Towards gender equality in the ranger workforce

Women are just as eager as men to join ranger workforces. Being a ranger is an important opportunity to contribute to conservation and protection of the planet. But the barriers for women to become a ranger are high. The profession is mostly male-dominated, with women representing only about 3 -11% of the ranger workforce globally. As part of World Ranger Month starting in July, the International Ranger Federation and the Universal Ranger Support Alliance, researcher Dr Joni Seager has opened critical new perspectives analysis of the challenges and opportunities for bringing gender equality into ranger workforces.

The report is based on a survey assessing ranger perceptions: more than 7,000 rangers participated across 28 countries. Moreover, more than 40 rangers, managers and conservation experts were interviewed personally.

Gender balance in the ranger workforce

Gender equality is the fifth goal of the Sustainable Development. Nature conservation is amongst the sectors where gender inequality is evident in many countries. Both women and men have the right to opportunities for employment, livelihood, inclusion, information, and recognition. Both men and women benefit from living in more gender-equal societies. When the women participating in the interview had to answer about their experiences and aspirations, most were enthusiastic about contributing to conservation and sustainability through being a ranger. Ranger work is a source of prestige and pride as well as employment (often in employment-scarce areas) for women as much as for men.

Scientific evidence confirms that bringing gender balance into the ranger workforce is beneficial to conservation, sustainability, and wildlife management. In general, bringing a diversity of views and skills improves all fields of work. Women and men have diverse knowledge and priorities when it comes to conservation. Therefore, balancing the ranger workforce will help realise larger conservation goals.

Obstacles and challenges

Most of the factors limiting the equal participation of women in the ranger workforce are universal for most other work fields. Gender norms that have a deep cultural root and attitudes hold women back to a great extent from participating in activities that carry the label of being “outdoors,” therefore physically arduous or technically or scientifically oriented. In comparison, society in general considers men as being better equipped for all of these (presumed) attributes of a ranger.

The report also highlights, that presumptions about women’s limitations and men’s abilities typically produce a ranger workforce that segregates and ranks people by gender. Most women occupy administrative roles (which also are often the lower-paid ranks). They are not able to access the full range of ranger opportunities on the same terms as men. In this way, women may be outside the loop of information-sharing and important decision-making channels. Across all levels of ranger associations, there are no policy frameworks, accountability mechanisms, or expertise capacities to shift these dynamics. Likewise, ranger organizations, offices, government ministries, community leaders and others seldom make explicit, public, and consistent commitments to improve gender equality. Leadership in prioritizing gender equality is therefore absolutely essential.

Key takeaways and recommendations

The report summarises the key takeaways as follows:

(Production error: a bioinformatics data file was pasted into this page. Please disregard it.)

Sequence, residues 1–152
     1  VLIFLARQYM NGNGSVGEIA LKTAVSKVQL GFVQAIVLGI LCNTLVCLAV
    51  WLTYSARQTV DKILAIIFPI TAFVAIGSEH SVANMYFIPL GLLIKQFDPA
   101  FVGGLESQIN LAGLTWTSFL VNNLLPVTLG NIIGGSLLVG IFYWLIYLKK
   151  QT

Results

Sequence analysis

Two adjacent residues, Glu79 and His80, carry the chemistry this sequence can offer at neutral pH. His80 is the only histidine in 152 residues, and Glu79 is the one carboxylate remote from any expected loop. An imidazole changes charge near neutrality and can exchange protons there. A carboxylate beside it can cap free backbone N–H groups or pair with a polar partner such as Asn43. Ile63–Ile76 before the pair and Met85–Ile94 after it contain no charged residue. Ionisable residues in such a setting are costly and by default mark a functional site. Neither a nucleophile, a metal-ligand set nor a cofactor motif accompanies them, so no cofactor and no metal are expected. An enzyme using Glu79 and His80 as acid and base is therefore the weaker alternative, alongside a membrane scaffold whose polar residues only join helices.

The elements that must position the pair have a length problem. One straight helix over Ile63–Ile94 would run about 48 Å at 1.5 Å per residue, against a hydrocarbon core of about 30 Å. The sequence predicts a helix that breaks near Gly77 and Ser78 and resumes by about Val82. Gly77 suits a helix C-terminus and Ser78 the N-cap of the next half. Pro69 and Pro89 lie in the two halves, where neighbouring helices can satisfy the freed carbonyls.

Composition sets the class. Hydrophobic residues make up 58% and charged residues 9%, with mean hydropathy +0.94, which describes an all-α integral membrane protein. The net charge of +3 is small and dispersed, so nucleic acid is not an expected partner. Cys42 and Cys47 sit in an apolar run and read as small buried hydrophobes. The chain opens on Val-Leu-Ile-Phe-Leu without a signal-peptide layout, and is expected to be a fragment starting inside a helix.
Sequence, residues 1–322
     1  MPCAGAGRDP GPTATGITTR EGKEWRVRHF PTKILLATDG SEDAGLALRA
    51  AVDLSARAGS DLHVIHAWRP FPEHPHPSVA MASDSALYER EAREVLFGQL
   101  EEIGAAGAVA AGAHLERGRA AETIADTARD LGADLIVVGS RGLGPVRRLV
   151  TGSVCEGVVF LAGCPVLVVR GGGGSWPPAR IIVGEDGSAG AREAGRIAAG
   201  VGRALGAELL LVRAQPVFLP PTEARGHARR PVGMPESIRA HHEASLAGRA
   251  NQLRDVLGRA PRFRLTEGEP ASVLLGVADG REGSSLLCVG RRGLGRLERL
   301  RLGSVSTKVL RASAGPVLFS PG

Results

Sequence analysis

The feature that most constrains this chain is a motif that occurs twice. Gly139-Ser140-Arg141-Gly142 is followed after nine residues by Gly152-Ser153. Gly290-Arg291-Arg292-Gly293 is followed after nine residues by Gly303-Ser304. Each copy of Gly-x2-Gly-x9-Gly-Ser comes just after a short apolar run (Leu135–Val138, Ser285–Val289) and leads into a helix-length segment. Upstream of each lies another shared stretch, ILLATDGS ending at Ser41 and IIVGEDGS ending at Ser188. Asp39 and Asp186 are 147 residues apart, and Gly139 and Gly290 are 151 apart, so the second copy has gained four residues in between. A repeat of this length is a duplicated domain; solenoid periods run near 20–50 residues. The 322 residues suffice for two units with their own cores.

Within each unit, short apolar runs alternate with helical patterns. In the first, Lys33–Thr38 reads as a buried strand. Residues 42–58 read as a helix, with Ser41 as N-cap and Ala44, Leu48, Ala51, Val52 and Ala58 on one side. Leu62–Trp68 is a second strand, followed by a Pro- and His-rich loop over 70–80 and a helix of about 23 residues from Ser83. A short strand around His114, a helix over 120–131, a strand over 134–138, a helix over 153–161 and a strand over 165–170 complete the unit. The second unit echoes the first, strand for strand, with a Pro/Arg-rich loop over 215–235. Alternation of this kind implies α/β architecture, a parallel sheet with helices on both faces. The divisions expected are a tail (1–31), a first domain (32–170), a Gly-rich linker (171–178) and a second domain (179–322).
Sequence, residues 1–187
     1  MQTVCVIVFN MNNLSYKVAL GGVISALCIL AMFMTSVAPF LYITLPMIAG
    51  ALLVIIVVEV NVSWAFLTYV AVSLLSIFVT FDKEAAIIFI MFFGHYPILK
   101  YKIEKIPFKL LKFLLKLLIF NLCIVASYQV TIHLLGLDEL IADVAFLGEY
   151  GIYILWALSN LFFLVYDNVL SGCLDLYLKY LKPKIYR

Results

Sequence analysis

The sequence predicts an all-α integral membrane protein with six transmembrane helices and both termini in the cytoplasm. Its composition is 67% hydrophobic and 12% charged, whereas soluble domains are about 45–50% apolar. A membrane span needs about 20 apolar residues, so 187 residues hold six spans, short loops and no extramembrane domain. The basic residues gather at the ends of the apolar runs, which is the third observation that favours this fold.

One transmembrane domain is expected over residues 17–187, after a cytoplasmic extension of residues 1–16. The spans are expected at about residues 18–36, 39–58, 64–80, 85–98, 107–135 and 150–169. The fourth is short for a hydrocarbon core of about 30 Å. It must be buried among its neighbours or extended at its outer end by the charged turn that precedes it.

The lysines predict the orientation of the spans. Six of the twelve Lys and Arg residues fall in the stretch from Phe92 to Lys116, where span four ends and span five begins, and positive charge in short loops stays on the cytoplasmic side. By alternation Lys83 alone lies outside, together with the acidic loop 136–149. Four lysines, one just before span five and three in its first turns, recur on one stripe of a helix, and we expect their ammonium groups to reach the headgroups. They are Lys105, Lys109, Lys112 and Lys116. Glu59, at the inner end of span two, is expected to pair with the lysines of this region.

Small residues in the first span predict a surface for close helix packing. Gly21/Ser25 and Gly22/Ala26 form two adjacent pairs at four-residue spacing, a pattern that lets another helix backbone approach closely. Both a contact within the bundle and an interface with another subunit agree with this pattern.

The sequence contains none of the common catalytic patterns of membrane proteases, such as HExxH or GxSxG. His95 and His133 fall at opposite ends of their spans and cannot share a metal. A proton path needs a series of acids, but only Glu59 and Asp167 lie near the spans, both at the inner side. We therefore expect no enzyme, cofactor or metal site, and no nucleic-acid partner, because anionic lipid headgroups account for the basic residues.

1. More than just being male dominated, ranger work has a ‘macho’ representation. The general male-dominated public image of what a ranger does, and what a ranger ‘looks like’ deters women.
  2. Women face distinctive gender-specific barriers that prevent them from entering and thriving in the ranger workforce. Women rangers experience pervasive and extraordinarily high levels of violence and harassment. This includes harassment from fellow rangers, from supervisors, and from community members. Harassment is increasing by the absence of women managers. The fact that almost no ranger employers have strong equality and anti-harassment policies. Male managers also tend not to understand the obstacles women face.
  3. Other obstacles to attracting and retaining a professional ranger workforce. These include low pay, poor working conditions, and limited training opportunities — affect men as well as women, but with gender-differentiated effects. In much of the world, both men and women rangers are not on permanent contracts. However, the situation is still worse for women.
  4. Bringing gender balance into ranger workforces is critical for conservation’s future. It will expand capacities and perspectives on conservation, sustainability, and resource management. Evidence presented in this report suggests that bringing gender equality into the workforce has the potential to improve conservation, relationships with communities, park management, and wildlife management.
  5. Solutions must be based on gender analysis – and there are some global ‘best practices’ that point the way towards gender equality. Ranger organisations can take the lead in modelling commitments to social change in women’s empowerment.
  6. There is almost no analysis of distinct barriers or opportunities experienced by racial, ethnic or sexual identity minorities. These identity or intersectional effects are likely to be very significant. Gender and intersectional diversity in representation within organisations is an effectiveness amplifier – in project planning, programme development and execution, priority-setting, decision-making groups. The likelihood of better decision-making is amplified when representatives of the whole – not just half – of the population have the opportunity to be involved.

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